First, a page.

MONDAY, Aug. 21, 2017 -- How frequently should women get a mammogram? Guidelines differ, but a new study estimates thousands of U.S. lives could be saved if mammograms were done every year from age 40 to 84.
"Screening annually starting at age 40 is the best strategy to avert an early breast cancer death," said study co-author R. Edward Hendrick, a radiology professor at the University of Colorado School of Medicine.
MONDAY, Aug. 21, 2017 -- If you want to stay on top of your health, no matter what your age, it's important to see your doctor for a regular wellness visit -- typically a yearly check-up that takes a head-to-toe look at you as a whole person.
A wellness visit is designed to improve your health and prevent diseases or uncover them as soon as possible, when they're easier to treat, according to the U.S. National Institutes of Health. Problems like high cholesterol and high blood pressure don't typically have early symptoms or warning signs, but your doctor can uncover them with simple office tests.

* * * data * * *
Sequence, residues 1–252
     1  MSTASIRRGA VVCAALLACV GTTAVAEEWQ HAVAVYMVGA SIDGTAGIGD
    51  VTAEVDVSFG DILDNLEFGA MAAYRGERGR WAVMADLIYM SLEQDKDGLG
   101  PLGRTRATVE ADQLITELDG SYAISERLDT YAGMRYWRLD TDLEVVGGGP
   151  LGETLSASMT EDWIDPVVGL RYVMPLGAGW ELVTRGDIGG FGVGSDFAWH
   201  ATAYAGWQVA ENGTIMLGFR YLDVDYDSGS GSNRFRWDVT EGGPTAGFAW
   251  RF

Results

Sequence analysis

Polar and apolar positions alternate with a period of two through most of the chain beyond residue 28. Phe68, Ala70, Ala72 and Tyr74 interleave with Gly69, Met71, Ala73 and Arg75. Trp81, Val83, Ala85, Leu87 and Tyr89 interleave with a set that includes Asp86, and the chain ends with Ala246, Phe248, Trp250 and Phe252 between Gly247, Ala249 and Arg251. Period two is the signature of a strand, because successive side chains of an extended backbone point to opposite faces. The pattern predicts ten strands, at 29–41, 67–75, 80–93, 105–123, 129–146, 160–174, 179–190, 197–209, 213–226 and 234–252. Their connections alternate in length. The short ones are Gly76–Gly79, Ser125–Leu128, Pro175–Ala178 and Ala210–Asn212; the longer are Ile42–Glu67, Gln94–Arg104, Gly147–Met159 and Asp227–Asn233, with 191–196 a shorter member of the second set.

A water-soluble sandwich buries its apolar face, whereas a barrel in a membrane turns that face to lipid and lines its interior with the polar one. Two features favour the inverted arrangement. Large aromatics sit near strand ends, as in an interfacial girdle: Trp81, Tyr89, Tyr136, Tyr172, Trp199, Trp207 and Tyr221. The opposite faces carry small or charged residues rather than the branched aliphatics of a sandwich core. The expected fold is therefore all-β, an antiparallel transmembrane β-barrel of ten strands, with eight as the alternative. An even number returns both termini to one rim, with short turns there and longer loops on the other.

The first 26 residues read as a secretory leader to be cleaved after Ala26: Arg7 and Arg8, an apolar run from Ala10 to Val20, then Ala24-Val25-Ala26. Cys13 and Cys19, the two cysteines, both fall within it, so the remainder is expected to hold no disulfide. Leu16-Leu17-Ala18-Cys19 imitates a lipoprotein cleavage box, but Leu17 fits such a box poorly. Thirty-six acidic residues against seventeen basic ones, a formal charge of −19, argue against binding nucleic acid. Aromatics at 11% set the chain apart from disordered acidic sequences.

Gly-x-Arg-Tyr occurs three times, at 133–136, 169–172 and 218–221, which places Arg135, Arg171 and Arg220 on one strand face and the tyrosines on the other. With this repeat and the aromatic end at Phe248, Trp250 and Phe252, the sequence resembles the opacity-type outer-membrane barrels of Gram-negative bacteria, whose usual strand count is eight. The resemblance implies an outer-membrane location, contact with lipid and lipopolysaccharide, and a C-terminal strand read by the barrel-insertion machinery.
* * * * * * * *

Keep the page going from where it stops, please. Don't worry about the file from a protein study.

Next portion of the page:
MONDAY, Aug. 21, 2017 -- For seniors and particularly blacks with high blood pressure, lowering it may help keep their minds sharp, a new study suggests.
The association between high blood pressure and the risk for mental decline is well-documented. But the ideal systolic blood pressure for older adults has been less clear-cut, with recommended targets ranging from 150 millimeters of mercury (mm Hg) to 120 mm Hg.
MONDAY, Aug. 21, 2017 -- The Zika virus thrives in pregnant women by suppressing their already dampened immune systems and running roughshod over their body's natural defenses, which allows the virus to directly attack the fetus, a new study reports.
A woman's immune system naturally suppresses itself during pregnancy to keep the body from recognizing the fetus as a foreign body and attacking it, explained senior researcher Jae Jung, chair of the department of molecular microbiology and immunology at the University of Southern California's Keck School of Medicine.
MONDAY, Aug. 21, 2017 -- More than half of U.S. adults surveyed would be supportive if they had a teenage child who wanted to transition to the opposite gender, a new online survey finds.
Women, college graduates and Northeast residents were slightly more likely than others to support kids who made this choice, according to the Harris Poll survey. It was commissioned by the American Osteopathic Association.